COLUMBUS, Ohio (AP) — Surveillance video showing an Ohio judge being shot and wounded at a courthouse before the assailant was himself shot and killed is a public record that should be released, the Ohio Supreme Court said Tuesday in a case brought by The Associated Press.

The court rejected a prosecutor’s arguments that releasing the video could endanger court personnel by revealing details of security protocol.

The Jefferson County prosecutor never provided any evidence about how the county was using the video footage of the shooting for security purposes, said Justice Michael Donnelly, who wrote the court’s unanimous opinion.

“That this incident and response were readily observable to the public would seemingly undermine the concern that the video might disclose something that an eyewitness would not have seen,” Donnelly wrote.

The video shows Jefferson County Judge Joseph Bruzzese Jr. being shot outside a courthouse in Steubenville in eastern Ohio in August 2017 by Nathaniel Richmond, 51, and then Richmond being killed by a probation officer.

Richmond had a pending wrongful death lawsuit in front of Bruzzese at the time. The judge recovered and later returned to the bench.


The day of the shooting, the AP asked for a copy of the surveillance video recorded by a camera positioned in front of the courthouse. Jefferson County Prosecutor Jane Hanlin denied that request, saying the video was a confidential law enforcement record and part of the courthouse’s infrastructure security system, among other arguments.

The state Supreme Court agreed to hear the case after the Ohio Court of Claims sided with the AP and appeals court later ruled against the AP.

In a separate opinion, state Supreme Court Justice Sharon Kennedy said there is no doubt the court’s security cameras and their livestream video are used to safeguard the courthouse.

But she added, “there is nothing in the record even suggesting that old security-camera footage in general, and the video of the shooting specifically, is used to protect or maintain the security of the courthouse.”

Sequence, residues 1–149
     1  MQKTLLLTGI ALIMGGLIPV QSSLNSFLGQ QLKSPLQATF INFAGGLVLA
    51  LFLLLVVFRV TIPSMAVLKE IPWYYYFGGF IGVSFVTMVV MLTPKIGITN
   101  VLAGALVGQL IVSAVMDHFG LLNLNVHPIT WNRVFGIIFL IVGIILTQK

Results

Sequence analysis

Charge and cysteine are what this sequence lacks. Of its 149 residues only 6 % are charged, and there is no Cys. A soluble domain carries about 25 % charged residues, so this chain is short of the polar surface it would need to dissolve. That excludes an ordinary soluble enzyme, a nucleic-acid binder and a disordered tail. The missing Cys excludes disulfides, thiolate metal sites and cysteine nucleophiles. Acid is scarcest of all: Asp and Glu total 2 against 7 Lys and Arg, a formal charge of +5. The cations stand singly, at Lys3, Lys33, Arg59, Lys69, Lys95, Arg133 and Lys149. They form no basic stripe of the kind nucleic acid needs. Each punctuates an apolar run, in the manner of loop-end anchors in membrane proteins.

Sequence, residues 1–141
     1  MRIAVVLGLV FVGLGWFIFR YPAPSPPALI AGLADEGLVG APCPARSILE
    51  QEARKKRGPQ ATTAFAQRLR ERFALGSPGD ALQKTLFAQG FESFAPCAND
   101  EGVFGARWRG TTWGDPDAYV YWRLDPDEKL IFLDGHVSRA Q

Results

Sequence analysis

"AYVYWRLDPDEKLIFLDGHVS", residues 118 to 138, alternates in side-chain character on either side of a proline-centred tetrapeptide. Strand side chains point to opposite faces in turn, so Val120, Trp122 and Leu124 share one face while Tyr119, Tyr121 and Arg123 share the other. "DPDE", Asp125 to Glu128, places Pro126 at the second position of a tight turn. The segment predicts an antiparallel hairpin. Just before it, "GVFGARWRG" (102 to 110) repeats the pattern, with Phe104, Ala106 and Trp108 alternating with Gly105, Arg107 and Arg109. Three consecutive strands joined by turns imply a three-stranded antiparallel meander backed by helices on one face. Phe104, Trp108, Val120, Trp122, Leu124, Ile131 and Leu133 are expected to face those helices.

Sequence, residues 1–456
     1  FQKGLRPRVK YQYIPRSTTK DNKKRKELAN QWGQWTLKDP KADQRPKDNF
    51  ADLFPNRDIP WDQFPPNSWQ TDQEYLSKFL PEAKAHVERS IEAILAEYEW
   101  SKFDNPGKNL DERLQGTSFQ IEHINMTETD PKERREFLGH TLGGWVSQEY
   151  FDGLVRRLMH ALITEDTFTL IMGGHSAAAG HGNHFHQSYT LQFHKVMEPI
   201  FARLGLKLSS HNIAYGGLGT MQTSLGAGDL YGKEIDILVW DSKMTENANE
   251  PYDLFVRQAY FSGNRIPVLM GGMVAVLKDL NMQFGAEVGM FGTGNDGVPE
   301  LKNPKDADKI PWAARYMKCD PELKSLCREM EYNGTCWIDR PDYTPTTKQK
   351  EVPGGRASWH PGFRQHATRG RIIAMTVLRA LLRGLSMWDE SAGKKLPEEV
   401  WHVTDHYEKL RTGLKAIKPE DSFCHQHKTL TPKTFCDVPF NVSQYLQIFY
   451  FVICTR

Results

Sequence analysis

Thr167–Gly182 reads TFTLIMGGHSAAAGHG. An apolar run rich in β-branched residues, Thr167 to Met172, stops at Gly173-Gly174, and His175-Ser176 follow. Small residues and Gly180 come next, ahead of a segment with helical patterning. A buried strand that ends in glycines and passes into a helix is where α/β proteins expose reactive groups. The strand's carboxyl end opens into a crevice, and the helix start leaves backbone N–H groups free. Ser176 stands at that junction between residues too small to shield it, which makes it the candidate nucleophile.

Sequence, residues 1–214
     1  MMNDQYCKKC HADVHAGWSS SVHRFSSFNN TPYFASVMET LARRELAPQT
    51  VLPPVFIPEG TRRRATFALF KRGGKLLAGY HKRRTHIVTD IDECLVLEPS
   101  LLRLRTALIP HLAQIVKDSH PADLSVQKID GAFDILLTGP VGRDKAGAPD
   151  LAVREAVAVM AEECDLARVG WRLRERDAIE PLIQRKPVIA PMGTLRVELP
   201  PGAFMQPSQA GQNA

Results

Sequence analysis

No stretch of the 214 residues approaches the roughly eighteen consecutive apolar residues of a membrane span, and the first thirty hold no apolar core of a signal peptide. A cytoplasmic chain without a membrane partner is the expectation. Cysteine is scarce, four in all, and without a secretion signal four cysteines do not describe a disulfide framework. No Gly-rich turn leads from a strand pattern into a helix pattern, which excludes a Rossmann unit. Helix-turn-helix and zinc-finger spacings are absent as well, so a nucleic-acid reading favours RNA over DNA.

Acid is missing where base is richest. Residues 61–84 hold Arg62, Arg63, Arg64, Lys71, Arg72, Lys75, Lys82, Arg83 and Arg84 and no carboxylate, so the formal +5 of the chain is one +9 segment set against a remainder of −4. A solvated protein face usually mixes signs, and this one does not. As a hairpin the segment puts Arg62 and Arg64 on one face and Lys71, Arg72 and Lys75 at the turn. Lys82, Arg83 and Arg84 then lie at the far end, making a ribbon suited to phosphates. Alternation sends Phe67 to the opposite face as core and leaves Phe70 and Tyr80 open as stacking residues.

Hanlin said her office will respect the decision but is disappointed by it.

“We believe strongly that this record is a security record and that today’s decision weakens our ability to protect our courthouse officials – and, indeed, weakens the ability of officials to protect courthouses and public buildings across Ohio,” she said.


It was not immediately clear Tuesday when the video would be released.

Tuesday’s ruling was the first time the high court ruled on a public records challenge brought under a 2016 law allowing non-lawyers to make requests through the Ohio Court of Claims.

Attorney John Greiner, who represented the AP, said the news organization was gratified by the ruling in favor of governmental transparency.

“The legal question was actually pretty simple,” Greiner wrote in an email. “A public office can withhold a record from public inspection only if it can produce credible, competent evidence justifying the withholding. The Jefferson County Prosecutor never came forward with any such evidence, and the Supreme Court reached the correct decision.”

Media advocacy groups and media companies supporting the AP in a court filing include the Ohio Coalition for Open Government, Ohio Association of Broadcasters, the Society of Professional Journalists, E.W. Scripps Co. and Gannett Co.


This story has been updated to correct the spelling of Justice Michael Donnelly’s name on second reference from O’Donnell to Donnelly.